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Old November 19th, 2005, 03:34 PM
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Shamrock Shamrock is offline
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How to prevent cockatiel breedings

My adult daughter was given two cockatiels by a former neighbour about a year ago. She was told they wrere approx 10 yrs old. They've adjusted well and have seemed content and happy.

She recently bought them a birdie bath, which they loved and used at once.
To her astonishment - the very next day they began mating.
She removed the bath, but the breeding went on, and so she bought them a nest. Now they are both sitting on five eggs.

Its been about a week or ten days now, and my daughter is trying to learn about all that this entails.
('If" these chicks successfully hatch and survive, she will give them away.)
She has found out some basics to do with the hatching, hand-feeing, etc

Some things that, so far, she still doesnt know:
-Why after all this time, and "off-season".. did these two mate?
-The introduction of the bath was the only "change' - was this alone the reason, one factor only, or just an odd co-incidence?

Would the birds rather advanced age be a detterrent to the health/survival of the chicks?

As she wants to ensure they dont breed again, she needs to know what prompted their mating behaviour.

I dont know the first thing about birds. Just did a bit of online search, but didnt really find the answers to these questions.

Any info that might help her would be greatly appreciated.
When you judge another, you do not define them, you define yourself - Wayne Dyer
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Old November 19th, 2005, 08:22 PM
Prin Prin is offline
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I don't know about birdie breeding, but maybe they both needed a good shower to be fresh and ready for action?

How long to birdies like these live? If they live 10 years and are 10, I'd worry... Is there an exotic vet in your area?
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Old November 19th, 2005, 08:48 PM
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papillonmama papillonmama is offline
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Seems like your daughters birds have finally settled in and decided that they are comfortable enough to start breeding, from what I've read cockatiels can breed at anytime but from the age you're saying that they are they should be slowing down. when they lived in your neighbors house were they in the same cage or were they in seperate cages? If your daughter doesn't want anymore chicks that is the solution, put the cages side by side so that they can still enjoy each others company.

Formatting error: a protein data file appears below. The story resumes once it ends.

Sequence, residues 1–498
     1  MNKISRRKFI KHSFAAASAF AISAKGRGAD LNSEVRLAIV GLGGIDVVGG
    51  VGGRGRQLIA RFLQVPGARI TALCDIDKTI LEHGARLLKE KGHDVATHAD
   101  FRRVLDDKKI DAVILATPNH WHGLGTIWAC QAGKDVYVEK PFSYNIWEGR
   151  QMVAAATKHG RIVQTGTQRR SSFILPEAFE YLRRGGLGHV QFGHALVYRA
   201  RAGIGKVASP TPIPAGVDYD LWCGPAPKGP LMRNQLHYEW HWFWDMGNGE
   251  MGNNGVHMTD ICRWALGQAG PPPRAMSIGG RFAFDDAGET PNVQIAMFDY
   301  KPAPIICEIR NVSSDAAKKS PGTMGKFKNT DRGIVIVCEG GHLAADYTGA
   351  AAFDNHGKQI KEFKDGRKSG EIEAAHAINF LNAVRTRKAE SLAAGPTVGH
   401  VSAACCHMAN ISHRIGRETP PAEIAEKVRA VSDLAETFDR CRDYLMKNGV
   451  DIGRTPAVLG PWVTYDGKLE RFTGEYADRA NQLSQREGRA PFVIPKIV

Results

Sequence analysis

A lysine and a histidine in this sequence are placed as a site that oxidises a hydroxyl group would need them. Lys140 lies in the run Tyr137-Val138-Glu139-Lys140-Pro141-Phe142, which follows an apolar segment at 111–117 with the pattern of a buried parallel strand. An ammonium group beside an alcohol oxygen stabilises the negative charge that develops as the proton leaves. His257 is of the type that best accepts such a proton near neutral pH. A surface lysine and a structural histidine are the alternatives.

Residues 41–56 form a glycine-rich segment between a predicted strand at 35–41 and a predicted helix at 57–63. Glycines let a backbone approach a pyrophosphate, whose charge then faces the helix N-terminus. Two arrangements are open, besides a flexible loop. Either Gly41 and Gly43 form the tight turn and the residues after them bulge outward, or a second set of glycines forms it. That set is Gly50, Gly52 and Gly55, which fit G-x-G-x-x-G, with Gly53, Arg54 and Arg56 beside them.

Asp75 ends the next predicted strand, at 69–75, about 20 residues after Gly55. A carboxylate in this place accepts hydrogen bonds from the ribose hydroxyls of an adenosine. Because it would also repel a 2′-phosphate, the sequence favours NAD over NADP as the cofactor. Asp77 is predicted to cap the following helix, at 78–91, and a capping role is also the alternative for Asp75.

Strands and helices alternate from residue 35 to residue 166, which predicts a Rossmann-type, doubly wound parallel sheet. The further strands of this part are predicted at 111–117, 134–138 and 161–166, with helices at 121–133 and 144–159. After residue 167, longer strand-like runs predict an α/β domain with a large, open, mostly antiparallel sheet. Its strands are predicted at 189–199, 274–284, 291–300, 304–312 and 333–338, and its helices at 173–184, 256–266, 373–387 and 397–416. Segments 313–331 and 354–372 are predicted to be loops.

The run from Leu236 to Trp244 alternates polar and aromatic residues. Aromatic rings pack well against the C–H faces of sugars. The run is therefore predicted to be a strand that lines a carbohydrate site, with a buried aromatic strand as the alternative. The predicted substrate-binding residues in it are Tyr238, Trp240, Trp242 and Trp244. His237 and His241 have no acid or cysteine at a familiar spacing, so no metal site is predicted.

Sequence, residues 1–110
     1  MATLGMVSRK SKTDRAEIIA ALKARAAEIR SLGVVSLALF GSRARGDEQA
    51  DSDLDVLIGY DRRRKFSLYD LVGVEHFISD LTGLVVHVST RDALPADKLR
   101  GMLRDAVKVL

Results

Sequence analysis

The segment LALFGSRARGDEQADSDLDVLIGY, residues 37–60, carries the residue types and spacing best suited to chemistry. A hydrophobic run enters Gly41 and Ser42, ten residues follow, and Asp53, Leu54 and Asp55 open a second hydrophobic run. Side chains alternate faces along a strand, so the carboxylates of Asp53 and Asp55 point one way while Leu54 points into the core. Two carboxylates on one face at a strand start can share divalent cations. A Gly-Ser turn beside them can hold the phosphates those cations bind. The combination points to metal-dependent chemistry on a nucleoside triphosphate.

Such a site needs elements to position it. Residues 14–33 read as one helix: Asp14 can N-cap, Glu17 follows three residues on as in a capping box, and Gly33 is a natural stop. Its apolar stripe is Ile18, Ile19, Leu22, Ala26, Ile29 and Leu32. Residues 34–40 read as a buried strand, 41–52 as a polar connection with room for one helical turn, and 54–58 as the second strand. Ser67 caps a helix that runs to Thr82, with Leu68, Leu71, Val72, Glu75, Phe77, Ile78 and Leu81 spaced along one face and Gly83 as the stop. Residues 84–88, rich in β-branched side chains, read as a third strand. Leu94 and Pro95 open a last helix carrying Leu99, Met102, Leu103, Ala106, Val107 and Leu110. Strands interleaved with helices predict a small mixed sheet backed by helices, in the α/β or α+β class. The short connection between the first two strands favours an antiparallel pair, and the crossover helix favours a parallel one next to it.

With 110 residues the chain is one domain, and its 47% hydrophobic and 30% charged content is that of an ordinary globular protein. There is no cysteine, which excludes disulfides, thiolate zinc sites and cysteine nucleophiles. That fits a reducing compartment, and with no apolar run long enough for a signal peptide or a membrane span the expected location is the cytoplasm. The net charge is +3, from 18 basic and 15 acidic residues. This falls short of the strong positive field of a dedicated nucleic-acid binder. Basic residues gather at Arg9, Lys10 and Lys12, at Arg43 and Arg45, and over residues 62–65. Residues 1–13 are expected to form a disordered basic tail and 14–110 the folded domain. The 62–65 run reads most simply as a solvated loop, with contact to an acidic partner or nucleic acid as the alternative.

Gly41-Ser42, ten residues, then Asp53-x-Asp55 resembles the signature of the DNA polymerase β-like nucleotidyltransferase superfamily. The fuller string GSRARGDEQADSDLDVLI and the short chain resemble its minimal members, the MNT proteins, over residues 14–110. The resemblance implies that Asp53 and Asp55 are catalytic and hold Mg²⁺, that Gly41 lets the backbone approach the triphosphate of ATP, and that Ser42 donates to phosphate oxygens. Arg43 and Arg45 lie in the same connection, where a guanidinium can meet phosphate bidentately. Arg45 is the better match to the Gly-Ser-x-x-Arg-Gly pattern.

Cockatiels actually become better parents as they age, the male will be a bigger help in the rearing.
It's possible that the bath was just the last thing to let them know that everything in their world is now good enough for them to rear their chicks.
An avian vet is a must, I asked our vet if they could give me a list of avian vets in my area.

http://www.cockatiels.org they had some interesting articles on breeding as well as other topics.
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Old November 19th, 2005, 10:36 PM
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RaYne RaYne is offline
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Is she sure the eggs are fertile? I had 2 females that would take turns laying and care for the eggs together.

Here is an article on candling eggs to check and see if they are fertile.

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Old November 20th, 2005, 01:00 AM
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Shamrock Shamrock is offline
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Thanks very much for those links. That is a big help - I will forward this information over to her, and let her know she needs to find an avian vet for this undertaking.

I dont think she considered that the eggs might not be fertile - just assumed as the parents were sitting on them...that they were. That is something she needs to check first.
These birds have always been together in the same cage, and because of that, she didnt really want to seperate them once this is concluded.
But, sounds like side by side cages would be fine as a solution.

How the bath prompted this is a mystery, but seems there was some connection to the "birdie hot tub" and their amorous behaviour.
When you judge another, you do not define them, you define yourself - Wayne Dyer
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Old November 20th, 2005, 07:06 AM
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Melinda Melinda is offline
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cockatiels like a nesting box, if the bath was one that you hook on the outside of the doorway, then to them it looked like a nesting box, eggs in a nest really won't do that well out in the open. When ours were nesting (35 pairs) we'd separate the male with a sliding wall. they were still close, but he couldn't "take over", my dad was a registered breeder, before anyone comments *L*. He also bred, love birds, finches, canaries, budgies, a few other "odd" species, and was a part of the humaine society to take in injured or abused birds, and believe me, there were/are plenty.
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